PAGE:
Bronchopulmonary dysplasia: Associated Disease
Last updated: 06/04/2018
Bronchopulmonary dysplasia (BPD) is characterized by inhibition of lung alveolar septation and varying degrees of lung fibrosis and inflammation. It typically occurs in preterm newborns born at 24-26 weeks, with weight <1000g, and that receive mechanical ventilation or prolonged oxygen supplementation.
Associated Cardiovascular Disease
• Pulmonary Hypertension: secondary to abnormal microvascular development and pulmonary vascular remodeling. Pulmonary hypertension occurs in 25-50% of infants with severe BPD and is suspected with evidence of right-sided heart failure (hepatomegaly, congested systemic veins) or hypoxia. The initial diagnostic test is usually transthoracic echocardiography. Brain natriuretic peptide can be used to trend severity. Management includes supplemental oxygen, inhaled nitric oxide, sildenafil, prostacyclin analogs, and endothelin-receptor antagonists, titrating to an SpO2 91-95%, avoid <85% and >97%.
• Cor pulmonale secondary to pulmonary hypertension
• Systemic hypertension- usually transient, lasting 1-10 months
• Left ventricular hypertrophy
Associated Respiratory Disease
• Diminished response to hypoxemia: In normal physiology the increased ventilatory response to hypoxia is largely the result of carotid body stimulation by low PaO2. Compared to preterm infants without BPD, infants with BPD exhibit a diminished ventilatory response to both hypoxia and hyperoxia, suggesting that BPD is associated with decreased carotid body signaling. The extent of the diminished ventilatory response to hypoxia is correlated with BPD severity. Infants with BPD are more prone to apneas, periodic breathing, and respiratory decompensation.
• Airway lesions including broncho/tracheo/laryngomalacia, stenotic lesions of the airway (i.e. subglottic stenosis)- Related to barotrauma, airway manipulation, and/or recurrent infection.
• Reactive airway disease and asthma: Young adults with BPD have decreased FEV1, FVC, and FEF50%. Common respiratory infections can result in increased morbidity and mortality in BPD survivors, possibly due to disrupted immunoregulatory pathways.
Other Associated Conditions
• Sudden infant death syndrome
• Failure to thrive
• Gastroesophageal reflux
• Renal insufficiency
• Nephrocalcinosis and hypercalciuria
• Delayed motor and cognitive function (tends to resolve by 3-8 years of age)
• Retinopathy of prematurity
Updated definition 2020:
Bronchopulmonary dysplasia (BPD) is a chronic lung disease caused by disruption of pulmonary development and lung injury in preterm infants. These patients develop respiratory distress syndrome shortly after birth requiring oxygen supplementation and positive pressure ventilation. Most infants who develop BPD are born between 24-28 weeks gestational age, during the time of the canalicular and saccular stages of lung development. Arrest of development during these stages results in hypoplastic alveolar structures and dysmorphic pulmonary vasculature. Inflammation and oxidative stress post-delivery further interrupt lung growth and repair in these patients. The severity of BPD is determined by the gestational age of the infant, amount of oxygen supplementation, total duration of oxygen supplementation, and positive pressure requirements. Survivors of BPD often develop sequelae diseases including pulmonary hypertension and obstructive lung disease.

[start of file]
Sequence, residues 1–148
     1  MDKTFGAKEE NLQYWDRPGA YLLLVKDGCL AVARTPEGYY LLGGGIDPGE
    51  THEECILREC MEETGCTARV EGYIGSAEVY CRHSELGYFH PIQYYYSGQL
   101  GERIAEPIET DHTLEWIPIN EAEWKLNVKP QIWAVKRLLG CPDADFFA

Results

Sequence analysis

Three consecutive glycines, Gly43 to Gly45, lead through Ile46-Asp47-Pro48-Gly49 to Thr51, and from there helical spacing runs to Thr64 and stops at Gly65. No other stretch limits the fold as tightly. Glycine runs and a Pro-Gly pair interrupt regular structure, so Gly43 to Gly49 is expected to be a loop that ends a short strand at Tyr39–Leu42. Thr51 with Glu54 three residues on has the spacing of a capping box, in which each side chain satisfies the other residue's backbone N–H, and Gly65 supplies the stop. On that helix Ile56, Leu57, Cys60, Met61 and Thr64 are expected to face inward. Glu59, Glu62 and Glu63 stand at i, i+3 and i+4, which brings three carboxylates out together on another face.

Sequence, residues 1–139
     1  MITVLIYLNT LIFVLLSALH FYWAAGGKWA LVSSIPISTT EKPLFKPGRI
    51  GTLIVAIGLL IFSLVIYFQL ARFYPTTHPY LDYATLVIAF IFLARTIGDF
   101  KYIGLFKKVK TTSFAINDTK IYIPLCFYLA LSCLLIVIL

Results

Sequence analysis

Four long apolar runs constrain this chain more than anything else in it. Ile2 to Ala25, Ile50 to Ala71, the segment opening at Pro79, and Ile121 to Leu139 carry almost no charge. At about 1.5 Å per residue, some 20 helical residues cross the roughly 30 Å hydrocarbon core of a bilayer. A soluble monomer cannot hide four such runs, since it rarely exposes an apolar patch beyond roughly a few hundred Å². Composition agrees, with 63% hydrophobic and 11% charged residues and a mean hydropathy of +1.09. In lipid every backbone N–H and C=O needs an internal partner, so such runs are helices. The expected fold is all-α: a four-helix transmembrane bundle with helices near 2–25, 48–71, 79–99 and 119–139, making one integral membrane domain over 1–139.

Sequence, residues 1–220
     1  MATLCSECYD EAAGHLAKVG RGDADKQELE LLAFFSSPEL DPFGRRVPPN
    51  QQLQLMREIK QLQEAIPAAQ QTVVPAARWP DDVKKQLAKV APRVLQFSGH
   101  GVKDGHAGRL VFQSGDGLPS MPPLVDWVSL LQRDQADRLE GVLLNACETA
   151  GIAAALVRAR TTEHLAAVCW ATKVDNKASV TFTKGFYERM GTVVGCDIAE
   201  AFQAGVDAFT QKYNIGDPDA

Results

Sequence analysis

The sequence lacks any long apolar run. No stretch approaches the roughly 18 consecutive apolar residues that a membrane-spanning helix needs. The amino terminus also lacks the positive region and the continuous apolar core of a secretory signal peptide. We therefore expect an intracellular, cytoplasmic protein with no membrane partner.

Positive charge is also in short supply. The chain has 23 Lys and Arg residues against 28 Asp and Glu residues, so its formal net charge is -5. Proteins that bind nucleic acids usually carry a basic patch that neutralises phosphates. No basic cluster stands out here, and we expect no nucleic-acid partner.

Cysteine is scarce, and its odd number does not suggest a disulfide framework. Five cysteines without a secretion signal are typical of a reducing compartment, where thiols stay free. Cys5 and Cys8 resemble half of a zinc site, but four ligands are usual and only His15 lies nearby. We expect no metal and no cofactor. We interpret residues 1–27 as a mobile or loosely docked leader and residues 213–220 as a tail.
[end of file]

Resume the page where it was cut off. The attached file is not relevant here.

Understanding the pathogenesis of BPD explains its association with pulmonary hypertension and obstructive lung disease. During the late canalicular and early saccular stages of lung development, alveolar ducts form, vascularization increases, and epithelial differentiation occurs. Disruption of alveolar septation due to preterm birth results in fewer and larger alveoli, which significantly decreases surface area available for gas exchange. Additionally, increased collagen and elastic tissue formation leads to airflow obstruction and small airway disease. This can manifest clinically as an asthma-like phenotype with low spirometry values and may persist into adulthood. Disruption of pulmonary angiogenesis causes an abnormal distribution of alveolar capillaries and thickening of the smooth muscle layer of arterioles. This increases pulmonary vascular resistance (PVR) causing pulmonary hypertension and elevated right ventricular pressures. Persistent patent ductus arteriosus and intracardiac shunts, which are also common in preterm infants, can further increase PVR and contribute to pulmonary hypertension.
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